An SHP client has leapt into the Guinness World Records by completing 68 jumping jacks in only 30 seconds. 

Simon Idio, 22, became homeless in late 2018 after his relationship with his family broke down. He is now living in our supported accommodation in Lewisham.

A keen athlete and fitness fanatic, it was while living in our hostel that Simon saw a video of a man breaking the world record for jumping jacks and decided to give it a try. 

Simon said: “Jumping jacks were part of my daily workout routine, so I wanted to see how well I could do. I broke the record in my bedroom on my second go, so I filled in an application to attempt it officially.” 

Simon was invited to make an official attempt at the Guinness World Records headquarters in Canary Wharf on International Guinness World Records Day. 

“I wasn’t too nervous in the lead up to my attempt,” he said.  “I knew I could do it and I was feeling well prepared. You are given three attempts, but I managed it on the first try. 

Simon went three better than the existing record of 65 jumps.  

He said: “When it was confirmed I was so happy I think I yelled out with excitement! The adjudicator gave me a certificate and a lot of photos were taken. I couldn’t stop smiling. It was an absolutely amazing experience.” 

Simon had been rough sleeping and staying in a night shelter when he was referred to SHP’s Young People services, which work with young people facing challenges including family breakdown, abuse or domestic violence.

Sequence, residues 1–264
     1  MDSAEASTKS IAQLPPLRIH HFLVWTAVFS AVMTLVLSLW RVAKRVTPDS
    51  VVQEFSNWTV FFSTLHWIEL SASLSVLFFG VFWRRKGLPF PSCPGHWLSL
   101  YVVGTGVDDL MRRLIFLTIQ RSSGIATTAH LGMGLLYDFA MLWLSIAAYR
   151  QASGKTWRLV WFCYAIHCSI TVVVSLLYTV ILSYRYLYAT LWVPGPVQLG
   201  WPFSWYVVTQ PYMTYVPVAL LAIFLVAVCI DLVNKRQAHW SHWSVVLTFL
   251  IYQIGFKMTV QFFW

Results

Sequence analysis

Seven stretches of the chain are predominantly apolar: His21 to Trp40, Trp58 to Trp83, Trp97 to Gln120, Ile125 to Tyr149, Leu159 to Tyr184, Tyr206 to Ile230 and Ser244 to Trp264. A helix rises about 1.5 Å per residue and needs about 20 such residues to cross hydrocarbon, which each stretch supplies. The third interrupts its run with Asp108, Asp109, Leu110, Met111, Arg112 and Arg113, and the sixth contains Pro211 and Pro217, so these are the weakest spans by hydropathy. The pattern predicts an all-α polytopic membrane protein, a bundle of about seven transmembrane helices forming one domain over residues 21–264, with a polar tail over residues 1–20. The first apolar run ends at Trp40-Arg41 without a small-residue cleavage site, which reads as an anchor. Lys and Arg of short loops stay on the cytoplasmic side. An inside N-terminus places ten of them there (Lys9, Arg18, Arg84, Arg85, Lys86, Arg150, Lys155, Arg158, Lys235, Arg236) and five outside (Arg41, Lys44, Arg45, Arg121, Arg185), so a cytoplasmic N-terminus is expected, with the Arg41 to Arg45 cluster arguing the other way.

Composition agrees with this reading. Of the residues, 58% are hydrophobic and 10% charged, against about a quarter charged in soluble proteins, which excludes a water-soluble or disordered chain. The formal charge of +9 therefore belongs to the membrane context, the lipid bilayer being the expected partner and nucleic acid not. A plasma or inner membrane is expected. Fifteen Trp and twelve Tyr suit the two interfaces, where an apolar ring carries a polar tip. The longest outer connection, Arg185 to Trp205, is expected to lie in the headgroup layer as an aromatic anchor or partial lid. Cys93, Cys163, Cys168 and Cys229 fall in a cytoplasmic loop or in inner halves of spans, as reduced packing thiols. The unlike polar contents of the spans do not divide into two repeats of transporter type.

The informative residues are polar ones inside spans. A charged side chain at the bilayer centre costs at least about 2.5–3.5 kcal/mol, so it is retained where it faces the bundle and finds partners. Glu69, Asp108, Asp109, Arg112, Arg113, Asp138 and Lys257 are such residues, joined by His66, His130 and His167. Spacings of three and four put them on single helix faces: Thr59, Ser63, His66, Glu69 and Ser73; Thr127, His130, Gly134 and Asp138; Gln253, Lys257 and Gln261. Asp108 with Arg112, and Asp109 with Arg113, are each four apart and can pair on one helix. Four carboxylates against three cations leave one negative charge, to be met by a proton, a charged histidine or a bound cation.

“I bought a £2 pillow from Tesco and slept on buses for seven days,” says Simon.  “At the time I was relieved to be out of my parents’ home but looking back on it, I realise how vulnerable I was.” 

Simon is now living semi-independently with support from SHP and says he is optimistic about the future. He is looking forward to a more settled Christmas this year, learning Mandarin and starting a course at City Lit in the New Year . 

Simon has enjoyed a lifelong enthusiasm for sport and exercise, especially excelling in football, athletics and basketball. 

“I’m not a member of a gym but I do a lot of cardio and strength training whenever I can,” he said. Working out makes me feel so much better when I’m feeling down or frustrated. It has helped me through difficult times.”     

Determined to stay active, Simon is already looking for his next physical challenge.  

“I keep myself very fit and healthy. If I come across a suitable exercise-based record, then I’ll definitely have a go at breaking it. I’d love to be able to do it again!